Lateral Hip Stability (Miniband) Corrections

The  lateral hip musculature (glute med/min, glute max, hip external rotators) is significantly important in providing strength and stability/control of the hips during dynamic movements such as  jumping, sprinting, cutting, landing, and lifting weights. Besides improving performance they can also help prevent patello-femoral, ankle, hip, and lumbar spine issues.  Put simple, the hips need a good amount of motor control and stability in order to improve performance and prevent injury.  Lower body lifts are one of the ways to provide strength and stability for our athletes but there are also lower-level motor control movements that we implement to teach control and dissociation of the pelvis from the extremities.  These are exercises such as glute bridges, lateral/backward/forward miniband walks, wall marches, as well as the warm-up which teaches multi-planar hip stability.  lateral-step-down-test-180x200

Lateral mini-band walks are one of the first movements that come to mind because we use it often for young athletes especially females since they tend to be at more risk because of their pelvic structure.  Common mistakes I see with this exercise are that athletes lack the motor control or strength (or core control) to differentiate hip or pelvic motion from the rest of body.  The lack of control creates for an inefficient pattern and negates the benefits of the movement.  Check out the difference between the two and forgive me for the first gumby like video (I was trying to really exaggerate the faults)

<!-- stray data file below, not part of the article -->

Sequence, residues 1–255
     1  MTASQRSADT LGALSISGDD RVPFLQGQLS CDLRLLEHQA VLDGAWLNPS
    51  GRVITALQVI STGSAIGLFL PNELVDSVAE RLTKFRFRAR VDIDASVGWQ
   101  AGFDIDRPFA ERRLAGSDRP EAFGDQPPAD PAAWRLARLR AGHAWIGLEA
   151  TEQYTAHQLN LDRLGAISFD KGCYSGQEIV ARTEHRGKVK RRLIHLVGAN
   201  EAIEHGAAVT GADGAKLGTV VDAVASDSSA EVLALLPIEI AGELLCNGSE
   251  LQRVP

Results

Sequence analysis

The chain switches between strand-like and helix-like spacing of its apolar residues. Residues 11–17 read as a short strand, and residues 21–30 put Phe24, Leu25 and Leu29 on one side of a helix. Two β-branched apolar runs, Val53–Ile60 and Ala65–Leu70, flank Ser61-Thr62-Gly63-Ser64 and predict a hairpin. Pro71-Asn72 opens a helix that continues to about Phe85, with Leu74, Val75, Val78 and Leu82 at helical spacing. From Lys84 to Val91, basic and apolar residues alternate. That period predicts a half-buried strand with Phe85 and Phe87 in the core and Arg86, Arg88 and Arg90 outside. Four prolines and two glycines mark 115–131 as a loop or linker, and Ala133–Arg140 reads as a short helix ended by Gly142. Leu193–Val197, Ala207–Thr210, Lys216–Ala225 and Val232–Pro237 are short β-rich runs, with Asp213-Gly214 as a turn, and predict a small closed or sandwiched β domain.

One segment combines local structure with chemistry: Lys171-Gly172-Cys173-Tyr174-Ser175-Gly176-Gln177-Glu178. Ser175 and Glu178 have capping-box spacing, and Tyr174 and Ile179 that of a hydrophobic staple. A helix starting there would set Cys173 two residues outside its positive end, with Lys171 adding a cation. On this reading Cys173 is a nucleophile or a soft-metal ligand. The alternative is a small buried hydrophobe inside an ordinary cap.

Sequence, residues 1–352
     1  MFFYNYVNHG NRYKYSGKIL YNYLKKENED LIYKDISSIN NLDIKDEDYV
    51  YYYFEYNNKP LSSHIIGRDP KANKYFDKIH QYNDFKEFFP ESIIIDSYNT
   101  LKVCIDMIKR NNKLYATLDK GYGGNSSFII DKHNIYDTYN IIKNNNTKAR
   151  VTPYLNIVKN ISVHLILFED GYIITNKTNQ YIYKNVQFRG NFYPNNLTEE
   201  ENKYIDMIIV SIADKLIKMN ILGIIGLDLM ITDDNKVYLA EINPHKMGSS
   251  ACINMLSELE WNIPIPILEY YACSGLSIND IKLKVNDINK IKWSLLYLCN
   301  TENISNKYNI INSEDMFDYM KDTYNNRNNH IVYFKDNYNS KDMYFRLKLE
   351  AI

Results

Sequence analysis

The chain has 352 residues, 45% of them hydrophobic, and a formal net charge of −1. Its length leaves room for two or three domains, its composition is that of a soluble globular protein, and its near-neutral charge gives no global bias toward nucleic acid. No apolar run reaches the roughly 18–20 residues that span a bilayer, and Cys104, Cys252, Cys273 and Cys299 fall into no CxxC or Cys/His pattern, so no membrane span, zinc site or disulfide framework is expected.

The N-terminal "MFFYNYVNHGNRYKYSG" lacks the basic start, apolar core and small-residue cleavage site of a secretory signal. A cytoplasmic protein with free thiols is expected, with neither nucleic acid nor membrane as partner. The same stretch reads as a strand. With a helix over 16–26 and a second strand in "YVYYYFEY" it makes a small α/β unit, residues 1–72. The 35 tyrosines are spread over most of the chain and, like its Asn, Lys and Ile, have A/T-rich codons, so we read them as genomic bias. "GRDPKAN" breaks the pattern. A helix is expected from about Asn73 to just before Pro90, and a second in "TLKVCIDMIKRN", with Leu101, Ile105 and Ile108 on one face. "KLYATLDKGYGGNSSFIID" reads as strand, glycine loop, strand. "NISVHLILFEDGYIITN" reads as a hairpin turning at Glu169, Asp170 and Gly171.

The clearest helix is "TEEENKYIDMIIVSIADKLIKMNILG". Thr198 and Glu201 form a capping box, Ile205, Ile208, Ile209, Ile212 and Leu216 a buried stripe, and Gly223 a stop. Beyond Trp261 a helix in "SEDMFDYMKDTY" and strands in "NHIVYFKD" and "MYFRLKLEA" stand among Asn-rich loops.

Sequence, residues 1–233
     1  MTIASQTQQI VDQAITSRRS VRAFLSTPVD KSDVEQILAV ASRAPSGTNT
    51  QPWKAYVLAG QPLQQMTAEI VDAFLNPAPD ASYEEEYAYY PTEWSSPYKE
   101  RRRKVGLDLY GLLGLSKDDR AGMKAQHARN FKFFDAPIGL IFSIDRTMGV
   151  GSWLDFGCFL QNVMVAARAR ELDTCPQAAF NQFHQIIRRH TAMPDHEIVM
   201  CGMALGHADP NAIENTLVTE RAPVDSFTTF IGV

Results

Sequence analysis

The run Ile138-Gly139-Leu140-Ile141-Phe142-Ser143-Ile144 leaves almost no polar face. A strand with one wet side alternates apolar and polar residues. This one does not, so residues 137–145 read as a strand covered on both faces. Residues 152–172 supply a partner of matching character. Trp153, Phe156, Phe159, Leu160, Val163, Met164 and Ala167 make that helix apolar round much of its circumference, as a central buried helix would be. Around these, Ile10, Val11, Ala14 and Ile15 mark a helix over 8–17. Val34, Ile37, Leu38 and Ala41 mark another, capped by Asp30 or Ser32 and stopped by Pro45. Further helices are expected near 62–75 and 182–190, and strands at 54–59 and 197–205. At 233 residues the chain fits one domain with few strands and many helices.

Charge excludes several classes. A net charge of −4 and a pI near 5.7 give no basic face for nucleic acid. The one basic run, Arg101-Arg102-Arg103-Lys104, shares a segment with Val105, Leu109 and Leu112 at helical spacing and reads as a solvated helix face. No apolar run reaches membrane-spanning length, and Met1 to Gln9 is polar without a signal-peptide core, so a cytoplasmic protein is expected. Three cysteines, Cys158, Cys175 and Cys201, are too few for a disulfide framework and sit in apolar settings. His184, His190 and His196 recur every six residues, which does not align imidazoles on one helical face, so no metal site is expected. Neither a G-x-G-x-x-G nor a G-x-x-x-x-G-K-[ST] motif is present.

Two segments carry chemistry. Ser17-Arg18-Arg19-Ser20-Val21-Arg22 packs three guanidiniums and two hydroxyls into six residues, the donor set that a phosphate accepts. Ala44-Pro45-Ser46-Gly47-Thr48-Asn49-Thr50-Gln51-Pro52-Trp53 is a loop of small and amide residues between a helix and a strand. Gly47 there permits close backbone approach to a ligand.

The faults

  • Notice how my feet almost touch each other after each step, my upper body is unstable, and my hips seems to hike up and down

The video is not far off from the “natural” way athletes perform the exercise.  We want to keep the hips centered and use active muscular control in order to keep proper alignment.



  • The nose, sternum, and “zipper” line all stay in a straight line while the back leg is providing a push off
  • My feet start shoulder width and finish shoulder width which keeps tension on the band
  • Drive with the knees out
  • Focus on the quality of the movement first and progress to bigger or quicker steps


An addition to the lateral mini-band walk is a staggered stance (PRI thinking) that we have been  incorporating with many athletes.  We cue for them to (1) posteriorly tilt their pelvis (for those that are heavily extended), (2) shift the left foot back 6 inches (in line with either the R arch or heel) and push with the right arch.  We only push to the left for this.






Categories: Core Training, Injury Prevention, Strength Training

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